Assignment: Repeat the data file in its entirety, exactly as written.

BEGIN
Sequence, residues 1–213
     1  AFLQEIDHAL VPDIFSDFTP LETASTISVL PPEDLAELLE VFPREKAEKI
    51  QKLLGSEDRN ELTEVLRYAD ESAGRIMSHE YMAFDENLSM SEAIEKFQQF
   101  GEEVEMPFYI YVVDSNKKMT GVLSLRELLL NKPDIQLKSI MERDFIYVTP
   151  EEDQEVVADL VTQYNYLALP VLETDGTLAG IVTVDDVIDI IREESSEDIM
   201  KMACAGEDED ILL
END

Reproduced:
Sequence, residues 1–213
     1  AFLQEIDHAL VPDIFSDFTP LETASTISVL PPEDLAELLE VFPREKAEKI
    51  QKLLGSEDRN ELTEVLRYAD ESAGRIMSHE YMAFDENLSM SEAIEKFQQF
   101  GEEVEMPFYI YVVDSNKKMT GVLSLRELLL NKPDIQLKSI MERDFIYVTP
   151  EEDQEVVADL VTQYNYLALP VLETDGTLAG IVTVDDVIDI IREESSEDIM
   201  KMACAGEDED ILL